How many properties do you need?

When you’re planning out your investing strategy, one of the first aspects to consider is the number of properties you need or want.  Without spending hours crunching through detailed spreadsheets, how do you work this out efficiently?

Just one first thanks

Some people we work with would just be happy to buy their first property.  But once you have done that, the prospect of buying ‘a few’ more starts to become a reality.

A basic starting point we use is to think about the annual income you’re targeting – for example $100,000.  Next, we work out how many properties would deliver this income.


In planning, we need to use some assumptions and a baseline.  In order to model the number of properties required to achieve $100,000, we use rental income of $400 to $600 per week per property, and work this out on 50 weeks per year.  Using 50 weeks per year provides a small buffer for vacancy periods.  We also have allowed $6,000 in costs to cover insurance, property management and maintenance, rates and a small contingency for emergencies.

Using this approach provides us with information about the number of properties required to achieve the total rental target, and also demonstrates the variables involved in meeting the target.  That is, seven properties will deliver the target rental at the lower end of the scale, while only four are required at the higher rental amount.

Cost to purchase

The next step is quite difficult to model, so please note we are making quite broad assumptions in relation to purchase prices.

We’re assuming here that a property achieving a rental income of $400 per week will cost less to purchase than a property achieving a rental income of $600 per week.  This is definitely not a rule, but the table above demonstrates the importance of acquisition price in relation to the rental amount.

There are many other variables to consider, not the least of which is your ability to increase a property’s rent through renovation or mini-development, and many ways to purchase at a range of price points.  If rent was proportional to the purchase price, as it is in this example, then you would achieve your target rental income for a lower total acquisition price.  This news surprises some people when we work through their planning.

Antiseptic life

What a shame real life is not like living in a model.  It would be great for investment predictability.  But real life is not as predictable as our model, and for this reason your plans need to be revised with each purchase you make.

Along with the realities of purchasing in an active market, our model has not taken into account the ease of purchasing lower priced properties, or tax and other acquisition costs such as stamp duty.  However, it provides a framework for planning and allows us to move towards the end game . . .that is, how do you ‘own’ the properties or pay down the loans.

Pay it off

For the purposes of providing a succinct overview, we have not covered the quite crucial step of explaining how to leverage one property to purchase more, as this is addressed in detail in our other publications.  So, to stay on topic, outlined below are just a few of the ways you might use to achieve the goal of earning $100,000 outright.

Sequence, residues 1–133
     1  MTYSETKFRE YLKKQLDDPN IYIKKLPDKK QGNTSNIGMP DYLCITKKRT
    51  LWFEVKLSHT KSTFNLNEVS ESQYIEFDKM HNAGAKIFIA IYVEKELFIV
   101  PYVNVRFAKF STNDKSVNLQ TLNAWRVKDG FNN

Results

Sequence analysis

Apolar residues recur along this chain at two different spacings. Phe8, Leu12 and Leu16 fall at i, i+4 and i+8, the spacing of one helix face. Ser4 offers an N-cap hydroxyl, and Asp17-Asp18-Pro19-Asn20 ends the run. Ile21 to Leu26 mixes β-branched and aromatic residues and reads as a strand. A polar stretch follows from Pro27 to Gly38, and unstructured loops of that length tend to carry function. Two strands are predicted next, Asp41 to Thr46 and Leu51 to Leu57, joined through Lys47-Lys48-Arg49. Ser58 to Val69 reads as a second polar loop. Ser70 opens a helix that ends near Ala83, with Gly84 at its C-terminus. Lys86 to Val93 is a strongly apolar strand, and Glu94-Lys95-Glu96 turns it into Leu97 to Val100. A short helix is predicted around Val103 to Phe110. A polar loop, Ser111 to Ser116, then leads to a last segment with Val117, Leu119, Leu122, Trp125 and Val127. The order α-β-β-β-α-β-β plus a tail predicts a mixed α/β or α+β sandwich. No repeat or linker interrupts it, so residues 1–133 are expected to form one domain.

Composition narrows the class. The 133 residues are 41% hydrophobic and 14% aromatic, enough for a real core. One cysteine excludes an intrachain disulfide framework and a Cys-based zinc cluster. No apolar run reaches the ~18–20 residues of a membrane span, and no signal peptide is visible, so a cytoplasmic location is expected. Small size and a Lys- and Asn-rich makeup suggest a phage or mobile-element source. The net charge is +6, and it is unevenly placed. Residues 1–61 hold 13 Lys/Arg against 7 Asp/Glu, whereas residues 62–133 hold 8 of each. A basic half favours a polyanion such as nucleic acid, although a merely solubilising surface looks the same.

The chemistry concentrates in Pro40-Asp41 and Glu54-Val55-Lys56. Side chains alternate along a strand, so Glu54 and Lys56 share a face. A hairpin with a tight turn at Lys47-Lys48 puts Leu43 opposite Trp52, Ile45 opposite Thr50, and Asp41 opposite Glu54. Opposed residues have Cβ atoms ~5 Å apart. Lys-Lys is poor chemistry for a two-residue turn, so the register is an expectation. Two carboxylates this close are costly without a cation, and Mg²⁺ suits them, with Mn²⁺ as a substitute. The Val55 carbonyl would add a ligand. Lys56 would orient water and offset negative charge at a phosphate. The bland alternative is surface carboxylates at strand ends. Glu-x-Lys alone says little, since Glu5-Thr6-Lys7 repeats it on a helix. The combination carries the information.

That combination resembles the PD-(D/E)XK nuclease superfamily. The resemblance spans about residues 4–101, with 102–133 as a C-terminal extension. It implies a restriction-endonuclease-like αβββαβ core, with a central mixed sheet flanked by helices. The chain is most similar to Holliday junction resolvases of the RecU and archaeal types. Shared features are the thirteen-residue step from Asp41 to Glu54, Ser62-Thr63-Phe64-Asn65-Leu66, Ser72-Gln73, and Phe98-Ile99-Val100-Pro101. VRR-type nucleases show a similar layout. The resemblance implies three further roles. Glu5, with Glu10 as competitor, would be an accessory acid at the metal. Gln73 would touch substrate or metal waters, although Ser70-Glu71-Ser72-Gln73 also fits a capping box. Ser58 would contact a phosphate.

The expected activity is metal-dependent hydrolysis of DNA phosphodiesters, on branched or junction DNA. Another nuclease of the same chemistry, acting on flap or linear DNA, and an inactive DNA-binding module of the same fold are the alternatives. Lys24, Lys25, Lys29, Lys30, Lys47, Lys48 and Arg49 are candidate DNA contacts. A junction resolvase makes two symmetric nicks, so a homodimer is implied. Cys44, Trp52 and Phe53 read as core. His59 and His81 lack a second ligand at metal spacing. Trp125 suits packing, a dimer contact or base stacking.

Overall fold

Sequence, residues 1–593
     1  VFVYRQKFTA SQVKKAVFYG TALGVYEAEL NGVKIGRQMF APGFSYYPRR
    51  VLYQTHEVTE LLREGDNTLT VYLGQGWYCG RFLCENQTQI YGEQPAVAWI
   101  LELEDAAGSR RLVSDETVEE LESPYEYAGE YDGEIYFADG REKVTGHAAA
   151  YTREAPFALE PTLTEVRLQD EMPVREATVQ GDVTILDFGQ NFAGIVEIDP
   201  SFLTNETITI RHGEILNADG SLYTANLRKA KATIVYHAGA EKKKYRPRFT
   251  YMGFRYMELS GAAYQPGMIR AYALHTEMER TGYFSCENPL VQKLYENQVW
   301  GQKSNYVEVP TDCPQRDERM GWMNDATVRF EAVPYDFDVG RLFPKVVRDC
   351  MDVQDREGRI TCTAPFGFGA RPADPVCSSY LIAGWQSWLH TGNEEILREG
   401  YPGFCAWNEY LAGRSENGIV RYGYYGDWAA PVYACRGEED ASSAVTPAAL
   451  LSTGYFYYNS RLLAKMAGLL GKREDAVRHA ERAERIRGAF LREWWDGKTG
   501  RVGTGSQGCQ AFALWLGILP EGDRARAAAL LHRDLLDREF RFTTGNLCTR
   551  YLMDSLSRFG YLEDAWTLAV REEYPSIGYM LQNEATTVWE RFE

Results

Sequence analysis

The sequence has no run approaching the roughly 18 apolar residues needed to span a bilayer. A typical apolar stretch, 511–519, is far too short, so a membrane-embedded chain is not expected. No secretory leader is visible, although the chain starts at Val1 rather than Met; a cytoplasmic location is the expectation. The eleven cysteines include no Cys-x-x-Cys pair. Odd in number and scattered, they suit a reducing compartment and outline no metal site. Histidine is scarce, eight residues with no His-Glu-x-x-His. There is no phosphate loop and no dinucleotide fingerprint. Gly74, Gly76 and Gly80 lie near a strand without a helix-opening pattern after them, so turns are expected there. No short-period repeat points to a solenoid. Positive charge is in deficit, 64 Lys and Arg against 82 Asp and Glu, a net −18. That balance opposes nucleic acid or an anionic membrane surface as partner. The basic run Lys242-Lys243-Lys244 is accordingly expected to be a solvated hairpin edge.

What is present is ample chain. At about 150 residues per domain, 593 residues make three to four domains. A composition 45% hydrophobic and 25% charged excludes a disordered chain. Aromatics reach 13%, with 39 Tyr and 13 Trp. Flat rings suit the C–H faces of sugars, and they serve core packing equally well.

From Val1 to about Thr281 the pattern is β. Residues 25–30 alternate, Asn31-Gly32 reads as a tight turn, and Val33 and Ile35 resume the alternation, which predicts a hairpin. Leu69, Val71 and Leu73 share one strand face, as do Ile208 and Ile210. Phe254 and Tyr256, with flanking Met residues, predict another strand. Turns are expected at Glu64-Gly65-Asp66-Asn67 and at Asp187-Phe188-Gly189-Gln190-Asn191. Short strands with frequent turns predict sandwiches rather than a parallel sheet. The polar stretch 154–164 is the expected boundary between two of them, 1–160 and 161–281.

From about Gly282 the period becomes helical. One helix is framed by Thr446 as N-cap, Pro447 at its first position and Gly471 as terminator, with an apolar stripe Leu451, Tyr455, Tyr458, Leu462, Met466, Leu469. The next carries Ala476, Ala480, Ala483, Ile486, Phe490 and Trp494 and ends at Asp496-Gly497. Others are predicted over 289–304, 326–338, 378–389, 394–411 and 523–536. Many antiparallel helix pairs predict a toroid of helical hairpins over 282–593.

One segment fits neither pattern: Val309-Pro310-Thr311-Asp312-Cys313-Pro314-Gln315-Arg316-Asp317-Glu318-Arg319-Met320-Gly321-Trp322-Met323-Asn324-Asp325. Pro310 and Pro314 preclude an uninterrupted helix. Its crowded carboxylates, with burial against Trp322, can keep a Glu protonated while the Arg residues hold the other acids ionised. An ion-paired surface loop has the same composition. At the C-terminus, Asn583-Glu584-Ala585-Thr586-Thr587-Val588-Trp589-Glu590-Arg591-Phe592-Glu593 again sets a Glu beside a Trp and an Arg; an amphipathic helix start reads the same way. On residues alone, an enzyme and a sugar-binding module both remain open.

• Buy very well = less to pay off.
  • Buy and let capital growth and rental increases pay the loan repayments over time.
  • Combine the excess rents (in a positive cash flow portfolio) to pay one property off at a time (or just pay the offset to the minimum amount . .see my note below).
  • Use projects to fast track your repayments – for example, buy a property to renovate and sell or split in half and sell the back block.
  • Buy more than you plan to keep, wait for capital growth then sell the most strategically beneficial property/ies at a strategically beneficial time.
  • Renovate to increase rents.
  • Develop some properties to facilitate wholesale purchases – for example, develop townhouses to replace one house on a single lot.

It wouldn’t be a Crave blog if I didn’t add a little extra point at the end.  The best case scenario would be to use good loan structures so you have an offset facility attached to your portfolio, with the aim of not completely paying off the loan entirely.  But . .you would need to speak to a mortgage broker who could advise you on the best way to manage your specific requirements.

This is the fourth blog in a series of portfolio strategy information.  The other blogs include . . .


Buy smarter = limitless ways to build lifetime income

Crave Property Advisory is a unique property strategy and buyers agent service. As the only independent and unbiased advisory that can help you use any property strategy Australia-wide, Crave’s services extend to home, investment and commercial property.  A highly client focused organization, Crave developed the Modular Investing System (MI System) to provide clients with the ability to use a tailored mix of strategies and efficiently build profitable portfolios that create lifetime income. 

Debra Beck-Mewing is the CEO of Crave Property Advisory, and has more than 20 years’ experience in property investing, Australia-wide. She has used a range of strategies to build her property portfolio including renovating, granny flats, sub-division and development. Debra is skilled in identifying development opportunities, and sourcing properties that have multiple uses and multiple exit strategies. She is a Qualified Property Investment Advisor, licensed real estate agent and also holds a Bachelor of Commerce and Master of Business.

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Disclaimer – This information is of a general nature only and does not constitute professional advice.  We strongly recommend you seek your own professional advice in relation to your particular circumstances.

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